Question 4 is a matter of two lines as it is (x+3)(2x) – (-2)(-3x) = 8. Question 5 is a matter of just one matrix, but the student must remember that in case of some X = AB (where X, A and B are matrices of compatible order for multiplication), the elementary column operations are applied on second matrix of RHS (NCERT Maths, I, Page 92, 3.8.1).


Though Question 6 appears to be from Matrices, it is virtually a question involving ‘Fundamental principle of counting’ which the students learnt in XI in Permutations and Combinations {A similar question is given in NCERT Maths I, Exercise 3.1, Question 10}.


Hence, prima facie दैनिक भास्‍कर का यह कथन ठीक नहीं है कि एक अंक वाले सवालों को हल करने में 5-6 मिनट का समय लगा.


Similarly, in Section B, all questions (from Question nos. 7 to 19) are very simple. Both the options in first question (Question no. 7) are from Definite Integral and in option 1, the use of IV property of Definite Integral makes it solvable in 5-6 lines. Question 8 is from Probability and does need some brain storming, but first option is quite easy. Question 9 is such an easy question when the student puts x2=t, and solves it by applying partial fractions. Question 10 is easy where the derivative is to be worked out using parametric coordinates. Solution to question 11, pertaining to Three D Geometry, is a matter of hardly 5-6 lines as when a straight line crosses XZ plane, the Y coordinate of point of cross is equal to zero. Question 12 of Indefinite Integral is very easy. Question 13 has come from Tangent and Normal and is an easy question which is solved once the derivative of the function of the curve is taken at the given point.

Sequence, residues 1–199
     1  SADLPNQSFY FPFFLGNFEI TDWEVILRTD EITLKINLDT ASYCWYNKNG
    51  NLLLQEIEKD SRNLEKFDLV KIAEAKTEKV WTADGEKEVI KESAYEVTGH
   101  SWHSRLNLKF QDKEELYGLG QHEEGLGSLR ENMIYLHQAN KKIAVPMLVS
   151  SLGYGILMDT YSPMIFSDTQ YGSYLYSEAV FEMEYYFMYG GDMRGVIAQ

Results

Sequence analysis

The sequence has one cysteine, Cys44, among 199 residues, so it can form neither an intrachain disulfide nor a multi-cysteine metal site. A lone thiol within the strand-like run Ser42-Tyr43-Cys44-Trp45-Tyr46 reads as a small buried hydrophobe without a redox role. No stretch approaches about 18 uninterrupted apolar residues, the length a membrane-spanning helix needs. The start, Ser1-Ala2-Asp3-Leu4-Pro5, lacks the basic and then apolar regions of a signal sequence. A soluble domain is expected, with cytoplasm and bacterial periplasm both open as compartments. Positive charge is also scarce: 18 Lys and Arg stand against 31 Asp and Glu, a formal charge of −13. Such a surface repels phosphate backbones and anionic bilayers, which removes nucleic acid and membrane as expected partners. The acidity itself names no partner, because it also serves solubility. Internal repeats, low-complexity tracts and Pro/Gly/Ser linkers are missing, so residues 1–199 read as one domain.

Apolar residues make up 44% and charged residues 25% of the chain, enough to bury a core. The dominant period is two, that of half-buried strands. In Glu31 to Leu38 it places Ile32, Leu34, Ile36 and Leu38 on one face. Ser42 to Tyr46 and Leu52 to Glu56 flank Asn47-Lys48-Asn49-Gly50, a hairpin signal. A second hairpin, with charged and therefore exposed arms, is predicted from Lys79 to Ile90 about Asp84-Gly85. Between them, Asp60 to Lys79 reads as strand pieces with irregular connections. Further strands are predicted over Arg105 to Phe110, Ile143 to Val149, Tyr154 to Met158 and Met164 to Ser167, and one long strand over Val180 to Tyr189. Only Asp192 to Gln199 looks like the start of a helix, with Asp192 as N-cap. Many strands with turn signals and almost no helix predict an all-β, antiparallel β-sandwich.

Question 14 is easy one from Matrices and Determinants, where two simultaneous equations in two variables are formed, and solved. Question 15 is a homogeneous differential equation, and is very easy to solve in 5-6 lines by putting y=vx, and then differentiating with reference to ‘x’. Question 16 is from Vectors, and first part is easily done by using parallelogram rule of summation of two vectors, hardly a matter of 4-5 lines; and second part uses the formula of area of a parallelogram equal to product of diagonals divided by 2. Easy.